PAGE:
BOSTON (CBS) — The Celtics season came to an end on Sunday, courtesy of 101-93 loss and a four-game playoff sweep by the Cleveland Cavaliers.
A slow start put the Celtics in a hole they couldn’t dig themselves out of on Sunday, trailing by 10 points after the first quarter and 21 at halftime. The Celtics continued to fight and battle as their season counted down though, with an impressive third quarter in which they held Cleveland to just 13 points and a hard-fought finish to the game itself. The Celtics were within six points in the final minute, making a game that shouldn’t have been very interesting at that point rather interesting.READ MORE: Lawsuit: Wellesley Schools Excluded White Students From Events, Banned 'Blue Lives Matter' Phrase
But in the end the Cavaliers were just too much for the Celtics to handle, and all the fight in the world couldn’t put the ball in the basket. But that doesn’t mean the season wasn’t a success. After a strong finish to their 40-42 regular season resulted in a trip to the playoffs, head coach Brad Stevens is happy with the improvement he saw from his team throughout the course of the year.
“Having to play from behind the last few months and accomplishing something, then measuring yourselves with the best in the East, we have a lot of information and that’s good,” Stevens said after the conclusion of his first NBA playoff series. “We know individually where we need to improve, collectively where we need to improve. What I take from this year is there was growth, building and progress. Now we have to build on that.”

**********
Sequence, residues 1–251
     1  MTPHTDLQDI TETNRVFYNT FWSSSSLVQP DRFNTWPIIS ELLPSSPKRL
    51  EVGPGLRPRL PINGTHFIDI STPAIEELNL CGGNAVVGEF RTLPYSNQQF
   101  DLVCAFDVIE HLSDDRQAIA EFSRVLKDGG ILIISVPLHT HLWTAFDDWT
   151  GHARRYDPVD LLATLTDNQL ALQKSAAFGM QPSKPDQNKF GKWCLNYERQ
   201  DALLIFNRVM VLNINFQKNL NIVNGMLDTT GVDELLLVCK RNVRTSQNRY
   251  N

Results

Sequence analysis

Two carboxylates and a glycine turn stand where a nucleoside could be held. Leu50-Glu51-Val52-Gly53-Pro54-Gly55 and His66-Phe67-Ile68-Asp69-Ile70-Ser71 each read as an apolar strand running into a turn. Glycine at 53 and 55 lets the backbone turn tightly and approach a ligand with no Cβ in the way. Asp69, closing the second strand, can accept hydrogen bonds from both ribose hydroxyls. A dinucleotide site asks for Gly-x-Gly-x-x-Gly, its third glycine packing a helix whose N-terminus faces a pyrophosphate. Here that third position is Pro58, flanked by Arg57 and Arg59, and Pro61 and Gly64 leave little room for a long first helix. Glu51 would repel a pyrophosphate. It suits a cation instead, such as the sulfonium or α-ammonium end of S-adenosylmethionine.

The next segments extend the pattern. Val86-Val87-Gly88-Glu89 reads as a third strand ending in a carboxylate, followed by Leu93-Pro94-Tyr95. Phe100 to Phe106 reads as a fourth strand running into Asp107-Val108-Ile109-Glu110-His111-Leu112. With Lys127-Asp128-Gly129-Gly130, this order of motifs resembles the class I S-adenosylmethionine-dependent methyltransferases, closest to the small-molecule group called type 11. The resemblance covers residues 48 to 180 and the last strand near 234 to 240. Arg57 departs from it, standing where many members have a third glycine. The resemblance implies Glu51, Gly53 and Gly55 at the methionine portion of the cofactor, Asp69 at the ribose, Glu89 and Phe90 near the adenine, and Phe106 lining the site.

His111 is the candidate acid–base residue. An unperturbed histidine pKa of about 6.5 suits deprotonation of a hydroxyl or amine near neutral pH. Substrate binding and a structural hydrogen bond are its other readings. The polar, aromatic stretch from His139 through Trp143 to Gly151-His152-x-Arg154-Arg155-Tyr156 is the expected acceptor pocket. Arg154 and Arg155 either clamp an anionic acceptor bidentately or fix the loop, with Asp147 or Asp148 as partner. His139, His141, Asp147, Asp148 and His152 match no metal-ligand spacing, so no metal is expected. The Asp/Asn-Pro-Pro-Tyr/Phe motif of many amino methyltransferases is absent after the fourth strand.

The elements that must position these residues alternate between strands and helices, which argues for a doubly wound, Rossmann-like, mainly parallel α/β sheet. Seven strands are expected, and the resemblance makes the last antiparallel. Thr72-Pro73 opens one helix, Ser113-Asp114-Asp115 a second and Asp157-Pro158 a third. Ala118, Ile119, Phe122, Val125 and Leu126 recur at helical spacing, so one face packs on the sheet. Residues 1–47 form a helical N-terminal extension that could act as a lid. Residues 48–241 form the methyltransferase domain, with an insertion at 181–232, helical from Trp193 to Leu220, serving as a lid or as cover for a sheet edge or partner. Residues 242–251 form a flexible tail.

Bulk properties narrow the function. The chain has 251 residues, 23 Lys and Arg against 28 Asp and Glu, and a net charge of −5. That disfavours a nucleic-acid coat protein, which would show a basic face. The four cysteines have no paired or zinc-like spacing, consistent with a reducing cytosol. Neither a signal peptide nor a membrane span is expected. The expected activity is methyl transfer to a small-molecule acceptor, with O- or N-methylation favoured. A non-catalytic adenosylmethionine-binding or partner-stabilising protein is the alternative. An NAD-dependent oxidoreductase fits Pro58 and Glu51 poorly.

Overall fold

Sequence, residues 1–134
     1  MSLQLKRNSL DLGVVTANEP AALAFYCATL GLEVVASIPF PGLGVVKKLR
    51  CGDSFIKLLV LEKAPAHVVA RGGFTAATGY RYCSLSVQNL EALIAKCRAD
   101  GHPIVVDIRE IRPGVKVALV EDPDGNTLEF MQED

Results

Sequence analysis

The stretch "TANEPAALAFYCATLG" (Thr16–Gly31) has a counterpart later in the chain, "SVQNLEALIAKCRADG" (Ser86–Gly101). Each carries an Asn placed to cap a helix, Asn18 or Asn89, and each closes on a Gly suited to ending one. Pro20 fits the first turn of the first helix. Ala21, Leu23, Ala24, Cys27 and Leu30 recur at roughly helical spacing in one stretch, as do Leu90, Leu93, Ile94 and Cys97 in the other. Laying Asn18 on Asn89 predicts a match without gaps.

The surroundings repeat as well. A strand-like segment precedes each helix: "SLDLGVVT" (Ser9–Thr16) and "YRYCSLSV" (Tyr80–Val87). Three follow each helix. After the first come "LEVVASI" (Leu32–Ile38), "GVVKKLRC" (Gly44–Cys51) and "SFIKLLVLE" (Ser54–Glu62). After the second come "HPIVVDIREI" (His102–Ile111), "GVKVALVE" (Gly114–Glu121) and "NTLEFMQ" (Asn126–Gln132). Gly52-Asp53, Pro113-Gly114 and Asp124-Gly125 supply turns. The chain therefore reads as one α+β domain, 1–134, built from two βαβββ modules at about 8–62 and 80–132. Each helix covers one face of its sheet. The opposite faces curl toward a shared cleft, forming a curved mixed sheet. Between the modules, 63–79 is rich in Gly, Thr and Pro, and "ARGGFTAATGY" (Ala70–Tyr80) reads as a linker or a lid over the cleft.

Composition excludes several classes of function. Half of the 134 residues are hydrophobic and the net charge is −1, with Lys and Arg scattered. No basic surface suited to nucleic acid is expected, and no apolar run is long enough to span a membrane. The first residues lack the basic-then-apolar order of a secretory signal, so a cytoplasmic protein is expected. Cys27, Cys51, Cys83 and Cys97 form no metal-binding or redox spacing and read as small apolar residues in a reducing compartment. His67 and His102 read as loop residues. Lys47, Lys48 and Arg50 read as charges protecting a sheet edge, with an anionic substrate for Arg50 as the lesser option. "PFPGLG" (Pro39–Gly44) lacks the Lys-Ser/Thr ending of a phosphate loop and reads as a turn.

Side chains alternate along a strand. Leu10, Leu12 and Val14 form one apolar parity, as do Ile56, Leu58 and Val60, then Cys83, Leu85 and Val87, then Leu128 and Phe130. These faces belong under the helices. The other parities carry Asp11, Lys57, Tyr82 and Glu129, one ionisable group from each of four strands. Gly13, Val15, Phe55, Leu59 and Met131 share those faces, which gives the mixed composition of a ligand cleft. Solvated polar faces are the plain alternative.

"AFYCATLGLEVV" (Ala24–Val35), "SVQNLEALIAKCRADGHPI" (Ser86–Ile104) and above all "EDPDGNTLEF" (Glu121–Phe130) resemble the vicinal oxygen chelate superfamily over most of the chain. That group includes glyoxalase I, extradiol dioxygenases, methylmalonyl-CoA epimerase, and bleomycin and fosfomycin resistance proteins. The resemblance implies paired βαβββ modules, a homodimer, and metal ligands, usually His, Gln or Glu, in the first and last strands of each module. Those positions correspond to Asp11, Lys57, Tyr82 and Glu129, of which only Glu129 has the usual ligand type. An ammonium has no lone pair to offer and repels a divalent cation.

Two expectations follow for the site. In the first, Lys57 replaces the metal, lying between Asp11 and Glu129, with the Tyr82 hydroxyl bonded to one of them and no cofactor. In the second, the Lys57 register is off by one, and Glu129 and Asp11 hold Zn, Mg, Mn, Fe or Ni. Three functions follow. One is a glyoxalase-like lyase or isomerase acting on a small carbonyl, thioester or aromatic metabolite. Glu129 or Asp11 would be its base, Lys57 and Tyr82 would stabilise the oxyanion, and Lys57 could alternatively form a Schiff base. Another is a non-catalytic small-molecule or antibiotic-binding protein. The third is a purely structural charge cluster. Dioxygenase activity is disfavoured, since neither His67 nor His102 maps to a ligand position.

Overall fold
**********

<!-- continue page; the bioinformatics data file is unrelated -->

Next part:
Stevens said he is very happy with the environment the team put in place this season, but now knows the expectations are going to be much higher next season.
“I’m really pleased with a lot of things and we’ve shown a lot of growth. But none of us signed up for the Boston Celtics for a quick exit,” he said. “The best way to phrase it is I like our progress, but I like to win. I’m disappointed right now, but it’s not at anybody. I’m just disappointed to lose. We have to get better, and get better in every which way. That’s the challenge ahead, because winning is a lot more fun.”
“We’re proud, but we’re not satisfied,” said guard Isaiah Thomas. “It’s frustrating to see the season end like this but we’ve got to build from this next year.”
Here’s what we learned about the Celtics in Game 4, and throughout the series against Cleveland.
Celtics Are Not There Yet… But Getting Closer
No, the Celtics aren’t winning any titles in the near future, especially if LeBron James, Kyrie Irving and the Cavaliers are still in their way. But the Celtics fought hard in all four games and made life difficult for the Cavaliers at times in critical moments, so there is some hope.